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A few months ago, singer Janet Jackson made news by becoming a first-time mother at age 50, to a baby boy Eissa. This week, she made news again — she and her husband, Qatari businessman Wissam Al Mana, have separated.

According to Page Six, a family source said Jackson became aware of cultural problems between them after Eissa was born and her husband, a Muslim billionaire, became more controlling, demanding that she tone down the overt sexuality of her performances and music videos, and cover more of her body, among other things.

Still, Page Six says, they hoped having a baby would help.

Oh boy.

They certainly wouldn’t be the first couple to hope that a baby would save a faltering marriage.

Years ago, couples were actually advised by marital counselors to have a baby because it would boost their marital satisfaction. Then, there were studies saying the opposite — that having a kid added stress to a marriage. Hello, marital dissatisfaction. Then research by Philip and Carolyn Cowan indicated that if both partners wanted the pregnancy — and didn’t slide back into traditional gender roles once the baby was born — the initial shock of new parenthood disappeared and their marriage would be back on a happy marital track.

Unfortunately, a lot of couples do slide into gender roles after the birth of a child.

It sure seems like Jackson and Mana both wanted a child, so presumably there was no disagreement there. But the cultural differences, and clearly a more gendered approach to parental roles, was probably the kiss of death to their union.

What could they have done differently?

A different approach

If you’re read this blog for awhile, you know I’m a big fan of having a marital plan or, if you plan on having kids, a parenting prenup or, at the very least, some discussions about the what, when, where, why and how of having and raising a baby. Even if you both are on the same page about having kids, and how many, there’re a lot of other issues that are going to come up; just ask Brad Pitt and Angelina Jolie or Jancee Dunn, author of How Not to Hate Your Husband After Kids.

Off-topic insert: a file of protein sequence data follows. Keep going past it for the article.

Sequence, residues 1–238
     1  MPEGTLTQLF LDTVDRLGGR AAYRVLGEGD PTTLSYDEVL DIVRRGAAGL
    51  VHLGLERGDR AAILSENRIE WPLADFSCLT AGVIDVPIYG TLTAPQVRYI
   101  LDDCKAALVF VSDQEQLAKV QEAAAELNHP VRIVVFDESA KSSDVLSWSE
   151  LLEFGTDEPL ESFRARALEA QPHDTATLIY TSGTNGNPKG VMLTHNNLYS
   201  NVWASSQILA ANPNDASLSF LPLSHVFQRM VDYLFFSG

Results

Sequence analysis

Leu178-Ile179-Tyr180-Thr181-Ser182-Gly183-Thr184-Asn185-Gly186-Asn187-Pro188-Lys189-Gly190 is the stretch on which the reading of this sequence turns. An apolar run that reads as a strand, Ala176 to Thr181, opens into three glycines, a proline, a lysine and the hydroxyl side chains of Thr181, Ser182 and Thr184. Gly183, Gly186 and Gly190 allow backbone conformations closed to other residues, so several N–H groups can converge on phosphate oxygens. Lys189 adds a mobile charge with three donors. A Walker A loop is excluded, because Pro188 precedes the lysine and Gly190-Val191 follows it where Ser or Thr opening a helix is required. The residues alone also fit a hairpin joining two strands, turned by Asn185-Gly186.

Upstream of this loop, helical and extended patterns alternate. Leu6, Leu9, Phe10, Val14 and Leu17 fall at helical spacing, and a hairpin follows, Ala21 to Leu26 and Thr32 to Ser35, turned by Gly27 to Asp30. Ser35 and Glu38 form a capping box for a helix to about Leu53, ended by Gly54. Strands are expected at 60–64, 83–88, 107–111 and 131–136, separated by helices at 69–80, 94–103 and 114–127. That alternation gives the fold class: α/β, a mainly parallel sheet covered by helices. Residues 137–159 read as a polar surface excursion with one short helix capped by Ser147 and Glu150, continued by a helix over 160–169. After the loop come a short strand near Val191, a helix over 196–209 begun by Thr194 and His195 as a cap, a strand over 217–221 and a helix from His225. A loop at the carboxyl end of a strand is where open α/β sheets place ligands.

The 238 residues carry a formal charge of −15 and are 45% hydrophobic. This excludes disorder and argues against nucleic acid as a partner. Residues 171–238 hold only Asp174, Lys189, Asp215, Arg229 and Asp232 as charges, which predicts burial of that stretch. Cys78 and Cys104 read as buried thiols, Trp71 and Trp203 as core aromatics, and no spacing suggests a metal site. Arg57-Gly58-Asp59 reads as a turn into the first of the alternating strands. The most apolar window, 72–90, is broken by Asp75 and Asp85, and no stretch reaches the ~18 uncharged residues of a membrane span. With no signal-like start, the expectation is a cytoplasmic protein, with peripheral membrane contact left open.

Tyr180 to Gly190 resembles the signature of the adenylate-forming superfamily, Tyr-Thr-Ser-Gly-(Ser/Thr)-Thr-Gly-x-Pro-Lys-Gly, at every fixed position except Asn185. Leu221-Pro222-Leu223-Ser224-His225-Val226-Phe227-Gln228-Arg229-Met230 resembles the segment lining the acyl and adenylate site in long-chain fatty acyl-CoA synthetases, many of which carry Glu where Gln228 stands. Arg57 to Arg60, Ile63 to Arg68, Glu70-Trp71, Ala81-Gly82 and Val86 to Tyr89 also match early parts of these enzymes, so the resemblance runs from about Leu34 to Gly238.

So, there’s that.

But, despite the Cowan’s advice, despite the occasional blogger who insists her marriage is better because of a baby, I — a mom of two — just can’t see how a baby can turn a struggling marriage into a better marriage.

Thankfully, I have people who are much smarter and more researched than I to say the same thing.

“For around 30 years, researchers have studied how having children affects a marriage, and the results are conclusive: the relationship between spouses suffers once kids come along,” writes psychology professor Matthew D. Johnson, director of the Marriage and Family Studies Laboratory at Binghamton University in New York.

Having a baby adds incredible stress on a marriage, says Hara Estroff Marano, editor at large of Psychology Today. “People think having a baby is a kind of a cement and it’s generally nothing of the kind. Babies make demands that take time away from each other. Babies take women out of the workforce, away from peers, it isolates them, and completely takes you away from what you’ve been doing.”

Yep, they do.

Rethinking baby

It’s too late for a lot of people, including Janet Jackson. Some might say, well, she waited a long time to have a child, she’s had three marriages and can obviously survive on her own and can afford good nannies (she’s worth about $250 million) so, no worries. Eissa will likely be fine, too, assuming there isn’t a big, bad custody fight (those happen). But, maybe it’s not too late for you.

A baby will probably not make your struggling marriage better. You may, like Jackson, end up with a baby and a divorce, despite your intentions and hopes. True,  a number of women say they’d much rather be a single parent because it’s easier than negotiating a marriage and a kid. Just like I can’t see how a baby can turn a struggling marriage into a better marriage, I can’t see how having a baby on your own is truly easier. Yes, you can make decisions on your own but that’s a teeny, tiny part of being a parent, especially if you have a special needs kid or an illness strikes or you lose your job or — well, I can go on and on. It’s a lot easier if there’s someone else — actually many someones  — who cares about your kid.

Want to learn how to create a parenting prenup? (Of course you do!) Read The New I Do: Reshaping Marriage for Skeptics, Realists and Rebels (Seal Press). Order the book on Amazon, follow on Twitter and like on Facebook.

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